• 2 Euro Patisserie, 68 Orchardtown Rd, New Lambton, +61 2 4957 7188. M–F 7AM–4PM; Sa 7AM–3PM; Su 8AM–2PM. Deservedly popular for their award-winning cakes and pastries.
  • 3 Goldbergs Coffee House, 137 Darby St, Cooks Hill, +61 2 4929 3122. W–M 7AM–1PM. A busy Darby St stalwart, offers large meals and a good location for people-watching.
  • 4 Suspension Espresso, 3 Beaumont Street, Islington (turn right out of Hamilton Station and walk about 2 minutes down Beaumont Street), +61 2 4962 2717. Daily 6AM-5PM. Very good coffee near Hamilton Station. Great for waiting for the train back to Sydney. Coffees $4, mains from $10.
  • 5 Blue Door Cafe, 364 Hunter Street (Just off Wheeler Place). Takeaway 6AM-3PM, dine in 7AM-2:30PM. In the heart of the Civic precinct. Serves fresh, simple dishes and of course, coffee. $15-25 per food item, <$10 for drinks.









Bars and clubs

  • 1 Queens Wharf Brewery. On the foreshore. A popular spot for a drink. The pub sells its own beers and has harbour views. During the day and M and Tu nights the atmosphere is relaxed, whilst W-Su evenings can get very busy. There's also entertainment (generally DJs, top 40 cover bands, R&B soloists) on W-Su evenings. There is a large outdoor (beer garden style) area on a jetty over the river - great way to relax on a sunny day.
  • 2 Silo Lounge Bar (in the Honeysuckle development on the harbour). A drawcard is the selection of Belgian beers available.
  • 3 Northern Star Hotel, 112 Beaumont St, Hamilton, +61 2 4961 1087. An Irish pub in the middle of Hamilton's restaurant strip. The Northern Star regularly functions as a music venue - check the blackboard out the front to find out what's on.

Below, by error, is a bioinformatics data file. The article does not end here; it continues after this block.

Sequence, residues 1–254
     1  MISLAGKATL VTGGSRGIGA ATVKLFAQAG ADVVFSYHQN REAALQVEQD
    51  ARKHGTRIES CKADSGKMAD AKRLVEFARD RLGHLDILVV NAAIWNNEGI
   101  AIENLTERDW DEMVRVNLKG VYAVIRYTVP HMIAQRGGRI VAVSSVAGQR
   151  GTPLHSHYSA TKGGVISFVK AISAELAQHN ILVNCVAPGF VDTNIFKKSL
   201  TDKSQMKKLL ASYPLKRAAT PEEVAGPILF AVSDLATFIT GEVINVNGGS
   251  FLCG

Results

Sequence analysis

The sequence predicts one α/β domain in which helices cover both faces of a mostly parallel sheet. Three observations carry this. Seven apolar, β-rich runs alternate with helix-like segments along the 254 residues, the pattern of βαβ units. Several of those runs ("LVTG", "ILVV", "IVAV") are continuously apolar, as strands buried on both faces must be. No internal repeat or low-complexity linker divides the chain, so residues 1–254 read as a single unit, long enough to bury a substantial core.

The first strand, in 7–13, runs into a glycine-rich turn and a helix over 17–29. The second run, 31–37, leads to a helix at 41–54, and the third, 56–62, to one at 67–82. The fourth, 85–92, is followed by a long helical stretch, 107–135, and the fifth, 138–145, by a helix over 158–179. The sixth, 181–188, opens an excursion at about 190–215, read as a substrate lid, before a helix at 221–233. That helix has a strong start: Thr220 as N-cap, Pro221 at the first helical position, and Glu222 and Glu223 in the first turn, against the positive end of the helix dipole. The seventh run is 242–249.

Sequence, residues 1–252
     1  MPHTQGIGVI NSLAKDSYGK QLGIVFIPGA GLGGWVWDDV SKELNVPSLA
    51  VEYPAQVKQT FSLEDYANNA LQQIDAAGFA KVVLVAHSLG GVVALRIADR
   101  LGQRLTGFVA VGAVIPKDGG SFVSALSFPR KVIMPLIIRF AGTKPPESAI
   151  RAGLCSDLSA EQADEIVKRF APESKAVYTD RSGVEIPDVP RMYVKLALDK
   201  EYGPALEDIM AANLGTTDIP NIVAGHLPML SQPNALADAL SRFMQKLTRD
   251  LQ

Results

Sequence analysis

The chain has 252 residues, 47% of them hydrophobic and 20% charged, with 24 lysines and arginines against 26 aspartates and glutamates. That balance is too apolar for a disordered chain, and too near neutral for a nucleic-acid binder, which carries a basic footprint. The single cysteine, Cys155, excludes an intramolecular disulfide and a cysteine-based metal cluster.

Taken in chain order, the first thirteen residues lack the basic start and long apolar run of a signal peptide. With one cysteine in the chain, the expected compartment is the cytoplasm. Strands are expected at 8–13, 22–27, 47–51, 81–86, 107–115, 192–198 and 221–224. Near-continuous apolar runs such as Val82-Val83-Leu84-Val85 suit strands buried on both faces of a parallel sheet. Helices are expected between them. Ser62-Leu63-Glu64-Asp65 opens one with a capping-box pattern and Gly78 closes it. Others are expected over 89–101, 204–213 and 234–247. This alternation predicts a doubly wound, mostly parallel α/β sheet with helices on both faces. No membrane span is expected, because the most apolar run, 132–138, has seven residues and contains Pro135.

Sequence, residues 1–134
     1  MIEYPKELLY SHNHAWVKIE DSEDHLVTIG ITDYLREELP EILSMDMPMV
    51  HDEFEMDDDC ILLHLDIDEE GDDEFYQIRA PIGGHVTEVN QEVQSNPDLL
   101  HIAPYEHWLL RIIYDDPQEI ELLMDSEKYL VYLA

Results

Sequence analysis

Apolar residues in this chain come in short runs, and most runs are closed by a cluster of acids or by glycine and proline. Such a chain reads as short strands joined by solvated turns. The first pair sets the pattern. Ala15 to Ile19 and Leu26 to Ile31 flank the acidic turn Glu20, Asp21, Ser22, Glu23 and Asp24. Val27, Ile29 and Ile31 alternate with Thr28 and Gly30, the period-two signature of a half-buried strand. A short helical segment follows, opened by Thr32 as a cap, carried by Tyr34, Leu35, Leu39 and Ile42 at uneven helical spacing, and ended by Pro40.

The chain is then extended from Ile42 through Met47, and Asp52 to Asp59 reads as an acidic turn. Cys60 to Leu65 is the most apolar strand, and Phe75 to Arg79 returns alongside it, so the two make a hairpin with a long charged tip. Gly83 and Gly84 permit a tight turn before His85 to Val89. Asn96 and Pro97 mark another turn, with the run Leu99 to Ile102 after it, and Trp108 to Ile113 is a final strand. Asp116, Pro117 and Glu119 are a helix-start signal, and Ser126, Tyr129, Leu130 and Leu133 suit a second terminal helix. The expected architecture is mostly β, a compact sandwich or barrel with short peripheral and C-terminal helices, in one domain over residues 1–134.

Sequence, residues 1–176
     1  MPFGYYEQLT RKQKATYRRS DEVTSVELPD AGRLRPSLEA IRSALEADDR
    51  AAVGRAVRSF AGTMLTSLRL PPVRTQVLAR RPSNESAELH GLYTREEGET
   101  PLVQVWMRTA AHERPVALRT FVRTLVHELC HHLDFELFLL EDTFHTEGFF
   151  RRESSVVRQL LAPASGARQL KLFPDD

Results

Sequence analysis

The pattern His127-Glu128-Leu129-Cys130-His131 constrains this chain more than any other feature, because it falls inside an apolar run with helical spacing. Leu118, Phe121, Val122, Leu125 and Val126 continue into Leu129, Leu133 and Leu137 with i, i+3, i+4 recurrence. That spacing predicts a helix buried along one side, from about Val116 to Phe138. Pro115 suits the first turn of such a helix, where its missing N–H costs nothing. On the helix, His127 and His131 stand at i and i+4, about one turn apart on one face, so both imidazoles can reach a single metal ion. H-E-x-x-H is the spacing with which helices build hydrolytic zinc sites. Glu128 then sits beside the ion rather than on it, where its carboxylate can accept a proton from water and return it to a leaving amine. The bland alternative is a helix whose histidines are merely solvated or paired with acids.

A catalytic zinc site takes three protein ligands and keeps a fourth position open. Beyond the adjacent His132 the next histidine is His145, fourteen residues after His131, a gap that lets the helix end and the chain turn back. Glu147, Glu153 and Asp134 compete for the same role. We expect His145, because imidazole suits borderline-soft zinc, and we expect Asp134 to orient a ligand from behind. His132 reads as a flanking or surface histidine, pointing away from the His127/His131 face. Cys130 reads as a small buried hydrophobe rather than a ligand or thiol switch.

• 4 Kent Hotel, 59 Beaumont Street, Hamilton, +61 2 4961 3303. A busy pub on Hamilton's restaurant strip. Check out the popular trivia night (each Wednesday, starts at 7:30PM).
  • 5 Beach Hotel, Fredrick Street, Merewether. A Newcastle institution. The place to be on Sunday night is sitting on the front deck overlooking Merewether Beach at sunset with a locally brewed Bluetounge Beer.
  • 6 Gateway Hotel, Maitland Rd, Islington. The local establishment frequented by Newcastle's gay & lesbian community. The venue features a rotating mix of local and Sydney DJs, special events, drag shows and feature performers, featuring a nightclub (Club G), main bar and bistro.
  • 7 Cambridge Hotel, 789 Hunter St, Newcastle West, +61 2 49622459. Newcastle's premier live venue plays host to the best national and international touring bands. Enjoy cheap drinks and great music while meeting friendly locals.
  • 8 The Clarendon Hotel, 347 Hunter St, +61 2 4907 6700. Voted best pub style accommodation in Australia in 2009, this venue is a great place to have a drink or a meal at their restaurant that offers good food at reasonable prices. They also host the Sundae Fundaze event several times a year with a number of world class dance music acts.
  • 9 MJ Finnegans Irish Pub, Cnr. Darby and King street. One of the most popular night spots on Friday and Saturday nights. Not really an Irish pub anymore.
  • 10 Prince of Merewether Hotel, 1 Morgan Street, Merewether, +61 2 4963 1722. Modern bar and club popular with locals of Newcastle's beach suburb. Causal atmosphere and bistro food available.